There are plenty of written records of the violence against whites, but there has only recently been acknowledgement of what the whites did to the Native Americans. It’s not a stretch to imagine the violence against Natives being just as savage.
We are all human, and hatred and violence is in everyone’s nature.
TWN: What kind of research did you do for the scenes requiring medical procedures?
MWL: I read “Gangrene & Glory,” a book about Civil War medicine, and Googled a lot.
TWN: In “Blood Oath,” we meet Kindle’s sister, a nun who runs an orphanage in St. Louis. How did the idea of Sister Magdalena come to you?
Will we see her again?
MWL: Sister Magdalena was one of those ideas I came up with to discombobulate Laura, and to make her realize how little she knows about Kindle.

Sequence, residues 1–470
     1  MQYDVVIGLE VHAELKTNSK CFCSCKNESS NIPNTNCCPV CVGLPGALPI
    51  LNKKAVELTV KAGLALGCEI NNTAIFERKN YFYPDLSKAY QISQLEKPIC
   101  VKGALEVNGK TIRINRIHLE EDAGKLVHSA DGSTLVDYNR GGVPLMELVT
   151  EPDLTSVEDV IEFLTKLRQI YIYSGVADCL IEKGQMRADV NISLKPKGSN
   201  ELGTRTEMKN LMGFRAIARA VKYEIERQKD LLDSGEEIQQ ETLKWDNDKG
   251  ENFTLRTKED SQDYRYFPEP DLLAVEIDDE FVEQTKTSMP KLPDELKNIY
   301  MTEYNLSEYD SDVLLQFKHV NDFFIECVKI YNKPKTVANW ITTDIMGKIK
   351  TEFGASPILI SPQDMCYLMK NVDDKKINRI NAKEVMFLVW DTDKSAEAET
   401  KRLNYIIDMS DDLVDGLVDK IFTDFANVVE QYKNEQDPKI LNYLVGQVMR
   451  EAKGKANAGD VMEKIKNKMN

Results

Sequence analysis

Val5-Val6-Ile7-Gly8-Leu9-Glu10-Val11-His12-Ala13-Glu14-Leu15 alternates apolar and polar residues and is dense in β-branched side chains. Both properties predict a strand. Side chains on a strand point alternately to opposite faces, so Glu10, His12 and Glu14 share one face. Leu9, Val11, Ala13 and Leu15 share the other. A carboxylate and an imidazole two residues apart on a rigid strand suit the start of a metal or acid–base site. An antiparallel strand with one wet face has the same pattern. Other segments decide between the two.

I have no plans to expand on Sister Magdalena’s story.
TWN: You had to have some working knowledge of how the military was structured during this time period. How did you decide to make Kindle a cavalry officer?
MWL: I honestly don’t remember. I started this book nine years ago!
TWN: And did you visit a fort during your research?
MWL: I visited Fort Richardson in Jacksboro at least half a dozen times.
It’s a state park and the hospital is still there, and one of the wings, the doctor’s office, the kitchen and mess, the dispensary are all set up as they would have looked during the 1870s. The other wing has a model of the fort during that time, and uniforms, sabers, guns and photos. It’s a cool place to visit.